The report further indicates that 58.8% of the new vehicle retail outlets carry only one of the 13 major brands. Slightly less than one-fifth are dual-line outlets, and 21.9% carry three or more of the major brands. The total number of franchises distributed among the 5,134 new vehicle outlets declined 5.6% to 9,182 from 9,731 in 2009.
Most “experts” agree that riding motorcycles helps you to FEEL younger, but can riding actually make your body healthier and more youthful?
A recent Medical College of Georgia study found that; "A daily dose of whole body vibration may help reduce the usual bone density loss that occurs with age," on top of improving muscle strength and promoting weight loss... so it would appear that pulsating power from a motorcycle engine and the rumble of the open road will help aging bones get stronger.
The extrapolation isn't entirely far-fetched, and may lead to a healthy new excuse to ride; “Honey, I’m taking my exer-cycle for a workout.”
Motorcycle operators in Quebec are outraged that the province’s automobile insurance board hired a private PR firm “to spy on us” and gather information about the group.
The insurance board decided to monitor the group of motorcyclists earlier this year after learning that a coalition of angry owners had been formed to fight huge insurance rate hikes. The public relations firm National was granted a contract to investigate the activities of the Front Commun Motocycliste, which had set up kiosks at a Quebec City motorcycle show.
“They give the impression of being organized, documented and especially very motivated,” the firm stated in its two-page report after observing the group at the bike show. The report stated that the motorcycle owners were “dynamic and aggressive in their approach” with visitors.
Members of the group were appalled to learn that the government would pay a private firm to monitor their activities. “We are outraged, flabbergasted and scandalized to learn that taxpayers’ money was used to spy on us. We are average taxpayers. We aren’t al-Qaeda,” said Éric Lessard, spokesman for the group. “The government is showing complete contempt for motorcycle owners.”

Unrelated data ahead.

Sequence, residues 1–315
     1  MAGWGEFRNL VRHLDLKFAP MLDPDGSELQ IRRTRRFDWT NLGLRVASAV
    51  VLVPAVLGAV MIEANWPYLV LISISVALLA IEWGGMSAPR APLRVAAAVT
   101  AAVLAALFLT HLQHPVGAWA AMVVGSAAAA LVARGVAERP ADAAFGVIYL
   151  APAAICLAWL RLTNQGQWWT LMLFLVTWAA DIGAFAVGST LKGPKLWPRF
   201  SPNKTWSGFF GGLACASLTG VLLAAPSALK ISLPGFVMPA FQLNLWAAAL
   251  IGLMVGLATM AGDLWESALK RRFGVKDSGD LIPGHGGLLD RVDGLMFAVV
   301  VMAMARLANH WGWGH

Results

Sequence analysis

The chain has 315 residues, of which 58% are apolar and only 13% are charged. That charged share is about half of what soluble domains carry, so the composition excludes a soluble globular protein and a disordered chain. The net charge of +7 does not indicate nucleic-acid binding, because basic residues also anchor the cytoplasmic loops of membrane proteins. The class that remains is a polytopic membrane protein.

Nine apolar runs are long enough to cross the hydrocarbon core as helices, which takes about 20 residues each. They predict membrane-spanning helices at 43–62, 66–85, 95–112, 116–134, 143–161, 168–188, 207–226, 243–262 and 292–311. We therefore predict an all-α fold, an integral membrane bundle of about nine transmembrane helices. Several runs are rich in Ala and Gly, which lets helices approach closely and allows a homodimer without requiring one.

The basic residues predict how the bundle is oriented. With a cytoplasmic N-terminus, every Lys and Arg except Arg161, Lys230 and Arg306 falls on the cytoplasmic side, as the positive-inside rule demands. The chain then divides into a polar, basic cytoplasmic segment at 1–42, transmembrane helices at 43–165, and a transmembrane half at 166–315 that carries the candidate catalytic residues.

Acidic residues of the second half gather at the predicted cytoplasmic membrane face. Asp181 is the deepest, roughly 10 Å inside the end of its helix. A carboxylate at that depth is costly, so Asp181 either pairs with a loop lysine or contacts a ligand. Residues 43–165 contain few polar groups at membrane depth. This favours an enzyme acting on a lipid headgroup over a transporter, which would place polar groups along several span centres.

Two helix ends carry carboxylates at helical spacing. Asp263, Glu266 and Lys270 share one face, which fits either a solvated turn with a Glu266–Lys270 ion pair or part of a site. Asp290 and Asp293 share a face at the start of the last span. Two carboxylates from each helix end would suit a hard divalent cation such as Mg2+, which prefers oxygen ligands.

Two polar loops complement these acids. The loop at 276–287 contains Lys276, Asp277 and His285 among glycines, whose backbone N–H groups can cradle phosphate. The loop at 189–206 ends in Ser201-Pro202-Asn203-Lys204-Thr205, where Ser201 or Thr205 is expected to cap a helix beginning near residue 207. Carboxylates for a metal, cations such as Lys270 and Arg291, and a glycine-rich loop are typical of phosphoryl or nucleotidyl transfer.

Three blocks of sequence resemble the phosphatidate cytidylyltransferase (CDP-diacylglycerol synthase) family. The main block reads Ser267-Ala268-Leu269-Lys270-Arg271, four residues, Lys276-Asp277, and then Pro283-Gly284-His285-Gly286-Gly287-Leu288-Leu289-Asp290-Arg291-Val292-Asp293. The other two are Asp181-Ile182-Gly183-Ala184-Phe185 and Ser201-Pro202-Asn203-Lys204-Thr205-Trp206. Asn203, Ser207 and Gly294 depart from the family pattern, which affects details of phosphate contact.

The board denied spying on the group, telling the Globe and Mail newspaper that  “There was a lot of anger and we knew protest groups were being formed,” according to a spokeswoman for the automobile insurance board, Audrey Chaput. “We granted a contract to the firm National to go out and listen to what the groups were saying and to feel the pulse of the movement.”
Motorcycle owners have protested vigorously against insurance rate increases that have doubled since 2007 for owners of average-size motorcycles and more than quadrupled for owners of high-powered motorcycles considered more hazardous by the insurance board.
Mark your calendar now for the 26th annual NCOM Convention, to be held Mother’s Day weekend, May 5-8, 2011 at the Hyatt Regency Albuquerque located at 330 Tijeras Ave NW, in Albuquerque, New Mexico.
This annual gathering will draw bikers’ rights activists from across the country to discuss topics of concern to all riders, so reserve your room now for the special NCOM rate of $80.00 by calling (800) 233-1234. Airport/Hotel transportation is available.
Registration fees for the NCOM Convention are $75 including the Silver Spoke Awards Banquet on Saturday night, or $40 for the Convention only. All motorcyclists are welcome and encouraged to attend.
Meetings, seminars and group discussions will focus on legislative efforts and litigation techniques to benefit our right to ride and Freedom of the Road.
To pre-register, call the National Coalition of Motorcyclists at (800) 525-5355 or visit
QUOTABLE QUOTE: “Political tags - such as royalist, communist, democrat, populist, fascist, liberal, conservative, and so forth - are never basic criteria.  The human race divides politically into those who want people to be controlled and those who have no such desire.”
Robert Anson Heinlein (1907-1988) American author and science fiction writer